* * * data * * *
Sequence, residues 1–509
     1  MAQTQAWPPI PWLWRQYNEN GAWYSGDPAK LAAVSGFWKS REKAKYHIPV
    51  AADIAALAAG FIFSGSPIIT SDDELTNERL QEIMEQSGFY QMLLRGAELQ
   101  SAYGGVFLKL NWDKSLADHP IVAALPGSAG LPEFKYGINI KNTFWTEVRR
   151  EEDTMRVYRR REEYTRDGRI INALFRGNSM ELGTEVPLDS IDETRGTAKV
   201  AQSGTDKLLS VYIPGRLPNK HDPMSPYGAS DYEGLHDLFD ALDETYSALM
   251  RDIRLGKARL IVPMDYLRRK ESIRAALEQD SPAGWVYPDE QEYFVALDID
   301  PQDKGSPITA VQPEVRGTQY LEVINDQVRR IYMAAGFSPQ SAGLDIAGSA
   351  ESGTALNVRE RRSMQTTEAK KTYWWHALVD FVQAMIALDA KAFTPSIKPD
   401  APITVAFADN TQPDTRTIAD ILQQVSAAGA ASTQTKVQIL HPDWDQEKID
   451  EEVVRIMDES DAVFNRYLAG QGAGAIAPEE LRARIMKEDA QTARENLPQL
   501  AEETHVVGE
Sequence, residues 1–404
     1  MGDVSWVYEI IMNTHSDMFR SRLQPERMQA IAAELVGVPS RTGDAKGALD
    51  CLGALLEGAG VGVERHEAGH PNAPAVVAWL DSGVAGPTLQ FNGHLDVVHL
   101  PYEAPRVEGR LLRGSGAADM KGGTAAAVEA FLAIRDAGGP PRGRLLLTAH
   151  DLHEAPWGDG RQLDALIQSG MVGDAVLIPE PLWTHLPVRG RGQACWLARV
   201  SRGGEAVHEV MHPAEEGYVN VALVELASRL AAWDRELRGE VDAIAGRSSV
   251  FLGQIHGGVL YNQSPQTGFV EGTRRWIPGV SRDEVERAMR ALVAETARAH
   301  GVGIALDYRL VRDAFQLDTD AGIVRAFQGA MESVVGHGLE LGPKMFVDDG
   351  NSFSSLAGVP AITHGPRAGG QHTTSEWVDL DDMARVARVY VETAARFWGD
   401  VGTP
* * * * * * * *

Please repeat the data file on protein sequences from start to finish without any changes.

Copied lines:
Sequence, residues 1–509
     1  MAQTQAWPPI PWLWRQYNEN GAWYSGDPAK LAAVSGFWKS REKAKYHIPV
    51  AADIAALAAG FIFSGSPIIT SDDELTNERL QEIMEQSGFY QMLLRGAELQ
   101  SAYGGVFLKL NWDKSLADHP IVAALPGSAG LPEFKYGINI KNTFWTEVRR
   151  EEDTMRVYRR REEYTRDGRI INALFRGNSM ELGTEVPLDS IDETRGTAKV
   201  AQSGTDKLLS VYIPGRLPNK HDPMSPYGAS DYEGLHDLFD ALDETYSALM
   251  RDIRLGKARL IVPMDYLRRK ESIRAALEQD SPAGWVYPDE QEYFVALDID
   301  PQDKGSPITA VQPEVRGTQY LEVINDQVRR IYMAAGFSPQ SAGLDIAGSA
   351  ESGTALNVRE RRSMQTTEAK KTYWWHALVD FVQAMIALDA KAFTPSIKPD
   401  APITVAFADN TQPDTRTIAD ILQQVSAAGA ASTQTKVQIL HPDWDQEKID
   451  EEVVRIMDES DAVFNRYLAG QGAGAIAPEE LRARIMKEDA QTARENLPQL
   501  AEETHVVGE
Sequence, residues 1–404
     1  MGDVSWVYEI IMNTHSDMFR SRLQPERMQA IAAELVGVPS RTGDAKGALD
    51  CLGALLEGAG VGVERHEAGH PNAPAVVAWL DSGVAGPTLQ FNGHLDVVHL
   101  PYEAPRVEGR LLRGSGAADM KGGTAAAVEA FLAIRDAGGP PRGRLLLTAH
   151  DLHEAPWGDG RQLDALIQSG MVGDAVLIPE PLWTHLPVRG RGQACWLARV
   201  SRGGEAVHEV MHPAEEGYVN VALVELASRL AAWDRELRGE VDAIAGRSSV
   251  FLGQIHGGVL YNQSPQTGFV EGTRRWIPGV SRDEVERAMR ALVAETARAH
   301  GVGIALDYRL VRDAFQLDTD AGIVRAFQGA MESVVGHGLE LGPKMFVDDG
   351  NSFSSLAGVP AITHGPRAGG QHTTSEWVDL DDMARVARVY VETAARFWGD
   401  VGTP